I was thrilled when Clinton won in 1992. That was my first election as a voter and my guy won. I thought the world was perfect. I was happy when he won in ’96, but it was more a feeling of relief. Despite being a Kansan and a Jayhawk, I didn’t want Bob Dole anywhere near the White House. I was devastated in both 2000 and ’04, partially because I underestimated the effects that the Karl Rove school of campaigning could have on a race. “Aren’t we better than this?” I thought each time.
But Tuesday night? I felt emotions I’ve never felt before on Election Day. Like a lot of people, I expected the win. When Ohio was called, I did some quick calculations, adding in west coast states that were sure to go blue, and saw the election was over no matter what happened in Virginia, Florida, Indiana, and Missouri. And still, when the clock struck 11:00 Eastern and David Gregory said they could now make the announcement that MSNBC was projecting that Barack Obama would be the next president, there was a flood of emotions I never expected. I wasn’t bawling like Jesse Jackson, but I have no trouble admitting there were some tears flowing.
Which might seem weird, for a white guy who grew up in the suburbs in a home first of modest means and later of more comfortable means, and who has only a couple African American friends. But since I became politically aware and adopted a system of beliefs, racial politics and civil rights have been at the core of my ideology. One of my core beliefs is that government exists to eliminate the barriers raised through history that prevent every person in this country from having an equal opportunity to succeed or fail.
To borrow a phrase that’s been used way too much the last two days, this was the mountaintop, although one I never expected to be scaled. While we will always have racial divides to bridge – people being people, there will always be some who point to the differences between us as an explanation for the troubles we face – as each year passes things get a little closer to the ideal. Barack Obama’s election is a massive step towards finally reaching that ideal. For at least the next four years, parents, teachers, and mentors can point to the White House and say “Anything is possible.”* It may be only a symbolic moment, but it feels much greater than that.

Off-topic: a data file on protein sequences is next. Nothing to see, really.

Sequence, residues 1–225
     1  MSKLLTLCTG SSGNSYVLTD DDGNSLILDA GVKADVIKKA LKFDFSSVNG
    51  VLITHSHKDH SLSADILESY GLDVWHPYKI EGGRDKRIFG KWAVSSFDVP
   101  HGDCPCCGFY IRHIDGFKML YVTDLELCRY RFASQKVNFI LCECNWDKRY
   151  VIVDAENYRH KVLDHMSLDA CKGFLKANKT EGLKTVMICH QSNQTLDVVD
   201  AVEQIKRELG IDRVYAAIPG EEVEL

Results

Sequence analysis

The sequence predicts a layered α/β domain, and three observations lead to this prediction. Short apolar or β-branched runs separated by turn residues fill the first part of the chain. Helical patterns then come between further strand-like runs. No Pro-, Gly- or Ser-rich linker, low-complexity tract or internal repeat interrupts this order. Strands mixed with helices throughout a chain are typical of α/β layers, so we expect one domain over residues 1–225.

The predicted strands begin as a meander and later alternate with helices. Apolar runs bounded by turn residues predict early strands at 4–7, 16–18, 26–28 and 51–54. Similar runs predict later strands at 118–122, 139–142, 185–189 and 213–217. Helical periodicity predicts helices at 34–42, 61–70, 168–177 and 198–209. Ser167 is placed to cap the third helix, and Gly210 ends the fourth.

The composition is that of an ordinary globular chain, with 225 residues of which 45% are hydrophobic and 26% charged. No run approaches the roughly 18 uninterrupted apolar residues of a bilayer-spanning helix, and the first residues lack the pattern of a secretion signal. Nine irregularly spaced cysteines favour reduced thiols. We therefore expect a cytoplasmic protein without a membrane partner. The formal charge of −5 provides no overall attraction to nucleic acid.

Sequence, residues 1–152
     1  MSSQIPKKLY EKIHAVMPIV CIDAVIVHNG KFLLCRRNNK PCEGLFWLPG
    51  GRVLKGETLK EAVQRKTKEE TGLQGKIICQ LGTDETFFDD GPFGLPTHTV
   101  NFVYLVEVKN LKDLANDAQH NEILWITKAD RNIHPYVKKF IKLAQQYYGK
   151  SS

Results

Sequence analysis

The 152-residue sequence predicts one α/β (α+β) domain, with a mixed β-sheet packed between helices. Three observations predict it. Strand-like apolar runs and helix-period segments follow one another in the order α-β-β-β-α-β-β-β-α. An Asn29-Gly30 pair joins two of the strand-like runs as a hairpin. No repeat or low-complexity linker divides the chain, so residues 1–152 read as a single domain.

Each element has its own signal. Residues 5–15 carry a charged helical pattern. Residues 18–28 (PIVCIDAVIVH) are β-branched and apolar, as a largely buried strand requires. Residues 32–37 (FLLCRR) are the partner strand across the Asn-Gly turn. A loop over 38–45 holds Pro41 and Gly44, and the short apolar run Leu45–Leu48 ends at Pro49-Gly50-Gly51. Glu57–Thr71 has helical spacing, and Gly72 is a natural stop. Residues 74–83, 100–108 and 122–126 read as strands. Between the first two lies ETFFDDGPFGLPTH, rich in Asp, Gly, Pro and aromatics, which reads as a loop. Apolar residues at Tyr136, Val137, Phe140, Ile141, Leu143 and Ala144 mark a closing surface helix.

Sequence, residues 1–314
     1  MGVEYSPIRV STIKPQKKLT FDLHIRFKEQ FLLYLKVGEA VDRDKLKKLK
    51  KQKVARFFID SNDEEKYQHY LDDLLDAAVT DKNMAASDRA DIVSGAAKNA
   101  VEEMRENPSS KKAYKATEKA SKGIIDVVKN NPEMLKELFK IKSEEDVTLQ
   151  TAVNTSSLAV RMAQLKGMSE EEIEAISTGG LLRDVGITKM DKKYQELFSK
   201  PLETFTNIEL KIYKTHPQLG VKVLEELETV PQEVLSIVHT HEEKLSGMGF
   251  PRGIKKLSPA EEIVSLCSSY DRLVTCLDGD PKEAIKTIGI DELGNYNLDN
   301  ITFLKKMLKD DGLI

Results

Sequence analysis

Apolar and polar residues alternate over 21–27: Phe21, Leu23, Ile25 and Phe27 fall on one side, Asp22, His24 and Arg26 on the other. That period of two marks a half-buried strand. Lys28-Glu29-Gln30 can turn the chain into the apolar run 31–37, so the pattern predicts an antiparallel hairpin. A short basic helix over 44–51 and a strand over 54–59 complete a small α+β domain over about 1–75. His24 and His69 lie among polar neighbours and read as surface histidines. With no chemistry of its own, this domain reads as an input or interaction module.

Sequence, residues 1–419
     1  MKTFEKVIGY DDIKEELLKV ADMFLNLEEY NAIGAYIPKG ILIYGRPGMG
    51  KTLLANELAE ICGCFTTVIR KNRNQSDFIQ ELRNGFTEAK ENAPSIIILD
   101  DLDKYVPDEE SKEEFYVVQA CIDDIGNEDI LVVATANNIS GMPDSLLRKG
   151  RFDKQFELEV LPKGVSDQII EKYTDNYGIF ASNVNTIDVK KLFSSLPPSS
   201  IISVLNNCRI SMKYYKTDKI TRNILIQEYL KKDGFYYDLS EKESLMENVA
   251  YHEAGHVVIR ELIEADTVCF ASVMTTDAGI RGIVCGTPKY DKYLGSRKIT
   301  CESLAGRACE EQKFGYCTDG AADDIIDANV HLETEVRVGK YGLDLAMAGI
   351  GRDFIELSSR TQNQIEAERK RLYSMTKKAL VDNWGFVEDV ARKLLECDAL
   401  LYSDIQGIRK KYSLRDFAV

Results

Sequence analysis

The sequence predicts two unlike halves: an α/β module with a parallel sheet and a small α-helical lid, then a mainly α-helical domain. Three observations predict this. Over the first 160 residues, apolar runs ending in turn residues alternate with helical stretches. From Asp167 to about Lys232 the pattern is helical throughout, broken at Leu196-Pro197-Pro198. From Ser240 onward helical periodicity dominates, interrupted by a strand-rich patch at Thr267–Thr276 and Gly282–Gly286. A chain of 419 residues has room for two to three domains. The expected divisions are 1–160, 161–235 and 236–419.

I kept expecting Kevin Garnett to come out on stage Tuesday and scream “Anything is possible!” as he did after the Celtics won the NBA title last June.
I do wonder if I could truly separate party and policy from accomplishment. Would I have had the same emotions had Colin Powell run, and won, in 2000 as a Republican? Probably not, although I believe I would have still been proud of the country and recognized it as a moment of massive change. But the same emotions? I doubt it.
And now the hard part. Despite being an early supporter, largely because of his stance on the war in Iraq, I did have some concerns about Barack’s readiness for office. Those concerns were addressed and satisfied over the course of the campaign, and I believe he is well prepared and suited to be a fine president. But capacity and readiness for office don’t necessarily make a great president, as events may conspire to wreck a presidency. He will enter office with a reservoir of good will and about 20 minutes of slack. Iraq is George Bush’s war. The economic meltdown is the responsibility of Bush and his economic team. But the first time something bad happens in Iraq or Afghanistan, or the first time the stock market plunges 500 points, Bush will be forgotten and the responsibility will rest with Barack. It’s a daunting time to take on that responsibility. I believe he’s up to the task. He better be, for all our sakes.
Best of all, no more political ads for awhile. Change we can all believe in!